Thursday, September 24, 2009

Not-So Great Expectations

My mother has a saying that she’s been sharing with me at opportune moments for as long as I can remember: “Expectation is the mother of disappointment.” I have never liked this statement, mostly because I’ve always believed that setting no expectation invites laziness and apathy, two things I’m not well known for. I prefer to have expectations and then be cautiously optimistic that others and I will rise to meet them. Sometimes my hopeful wishes are fulfilled and, true to my mom’s saying, sometimes my expectations of greatness leave me quite disappointed.

Last Saturday night before bed, we decided to depart for an early morning ride to the mountains to view the fall colors. We’d heard the aspen trees up near Kenosha Pass were turning, so we planned to get out of the house by 7:15, make the obligatory stop at Starbucks, and head up Highway 285 early enough for my husband to be able to take some photos with the morning sun illuminating the quaking, golden leaves. It sounded like an easy enough plan.

Sunday morning, the alarm chimes at 6:45 and, being one of those annoying “morning people,” I pop out of bed and head for the shower while the rest of the family sleeps just a bit longer. At 7, we begin preparations for our excursion. All travel with children requires far more planning than ever was necessary before children; the sheer magnitude of supplies necessary to embark on even a four hour road trip is staggering. We start rounding up DVDs and Nintendo DS systems. I find my iPod, and hubby gathers all his camera equipment. Then, we debate what to do with the dogs; we normally leave them at home but we’ve been trying to convince Ruby, our darling Border Collie, that she actually enjoys car rides, so we decide to bring her too. By the time we head out the door with entertainment, jackets, headphones, shoes, cameras, wallets, keys, iPhones, one live puppy, and several stuffed animals, it is 7:45. Not stellar, but still respectable enough given our track record for late starts.

As we pull out of the driveway, hubby notices we’ll need to stop for gas. We head to the Starbucks drive-thru and then over to the gas station. While we’re at the Conoco, hubby decides he and the kids can use some food so we make another unscheduled stop at McDonalds. Back on the highway again at 8:10, hubby is starting to be a bit concerned about his prospects for good lighting. At the same time, Luke points out that while the adults are busy swilling Starbucks we’ve neglected to get drinks for him or Joe. Dang. We knew we were missing something. We pull back off the highway and proceed to 7-11 to remedy that issue. Ten minutes later we’re finally beginning our climb up Highway 285, and we realize that we’ve made four stops in 35 minutes and we’ve only advanced approximately 10 miles.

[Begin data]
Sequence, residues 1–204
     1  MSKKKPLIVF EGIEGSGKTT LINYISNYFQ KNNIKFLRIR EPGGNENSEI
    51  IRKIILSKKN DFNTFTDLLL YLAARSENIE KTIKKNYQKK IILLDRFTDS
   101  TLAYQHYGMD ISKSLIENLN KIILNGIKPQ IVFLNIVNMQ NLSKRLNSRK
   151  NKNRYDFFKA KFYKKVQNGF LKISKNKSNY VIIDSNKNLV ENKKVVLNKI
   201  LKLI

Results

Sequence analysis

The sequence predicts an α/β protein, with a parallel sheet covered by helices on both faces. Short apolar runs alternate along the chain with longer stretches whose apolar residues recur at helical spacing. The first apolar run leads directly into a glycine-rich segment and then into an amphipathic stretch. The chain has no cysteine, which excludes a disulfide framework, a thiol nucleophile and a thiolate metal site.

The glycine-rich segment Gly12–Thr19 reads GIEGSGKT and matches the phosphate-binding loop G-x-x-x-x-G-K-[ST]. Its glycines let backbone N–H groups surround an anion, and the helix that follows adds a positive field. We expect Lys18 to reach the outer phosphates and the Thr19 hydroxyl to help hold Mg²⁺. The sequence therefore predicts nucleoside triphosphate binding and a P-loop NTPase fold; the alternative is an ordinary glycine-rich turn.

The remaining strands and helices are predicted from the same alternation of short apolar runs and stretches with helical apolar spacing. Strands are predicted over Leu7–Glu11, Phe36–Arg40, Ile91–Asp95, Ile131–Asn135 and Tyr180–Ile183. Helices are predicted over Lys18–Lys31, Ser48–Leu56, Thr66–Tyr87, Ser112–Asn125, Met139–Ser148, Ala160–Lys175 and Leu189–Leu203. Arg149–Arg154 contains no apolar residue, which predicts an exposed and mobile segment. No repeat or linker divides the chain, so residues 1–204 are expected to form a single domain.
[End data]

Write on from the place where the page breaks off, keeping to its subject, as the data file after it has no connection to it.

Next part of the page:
Still, we continue on, optimistic that we’re now finally on the right track. I laughingly joke to hubby about how long it’s going to take before someone needs to stop for a potty break. He rolls his eyes and we keep going. For a few minutes, we really are enjoying the drive, laughing about the chaos of doing even small things these days. I turn back and admire the boys, who are quietly watching a movie with their headphones on. I make a mental note that the puppy is drooling all over the back seat, but decide that it’s still a great day.

We’re not even to Conifer yet when Luke announces he needs a restroom. Ding. Ding. Ding. We have a winner! We’ll just pull over and you can pee in the woods, we tell him, hoping to save some time. This, I have realized, is the beauty of having boys instead of girls: I get to take advantage of the whole peeing-standing-up thing vicariously through them with quick stops on the side of highways and interstates. (And, don’t ask my boys how many times I’ve asked them to fill up empty water bottles while we’re stuck in bumper-to-bumper traffic on I-70 after a day in the mountains and I refuse to get out of the line of traffic to find them a restroom.)